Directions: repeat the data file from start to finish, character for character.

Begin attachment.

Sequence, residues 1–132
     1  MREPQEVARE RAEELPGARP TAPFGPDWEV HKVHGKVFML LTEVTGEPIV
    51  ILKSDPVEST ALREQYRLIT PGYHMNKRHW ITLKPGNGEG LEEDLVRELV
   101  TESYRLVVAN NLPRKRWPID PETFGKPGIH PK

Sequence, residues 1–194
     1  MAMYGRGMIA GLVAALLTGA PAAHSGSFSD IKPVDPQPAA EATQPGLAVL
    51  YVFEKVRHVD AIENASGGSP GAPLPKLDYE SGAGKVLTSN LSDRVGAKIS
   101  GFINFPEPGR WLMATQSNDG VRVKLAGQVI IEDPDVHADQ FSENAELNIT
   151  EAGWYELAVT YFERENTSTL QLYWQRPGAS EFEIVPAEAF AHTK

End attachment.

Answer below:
Sequence, residues 1–132
     1  MREPQEVARE RAEELPGARP TAPFGPDWEV HKVHGKVFML LTEVTGEPIV
    51  ILKSDPVEST ALREQYRLIT PGYHMNKRHW ITLKPGNGEG LEEDLVRELV
   101  TESYRLVVAN NLPRKRWPID PETFGKPGIH PK

Sequence, residues 1–194
     1  MAMYGRGMIA GLVAALLTGA PAAHSGSFSD IKPVDPQPAA EATQPGLAVL
    51  YVFEKVRHVD AIENASGGSP GAPLPKLDYE SGAGKVLTSN LSDRVGAKIS
   101  GFINFPEPGR WLMATQSNDG VRVKLAGQVI IEDPDVHADQ FSENAELNIT
   151  EAGWYELAVT YFERENTSTL QLYWQRPGAS EFEIVPAEAF AHTK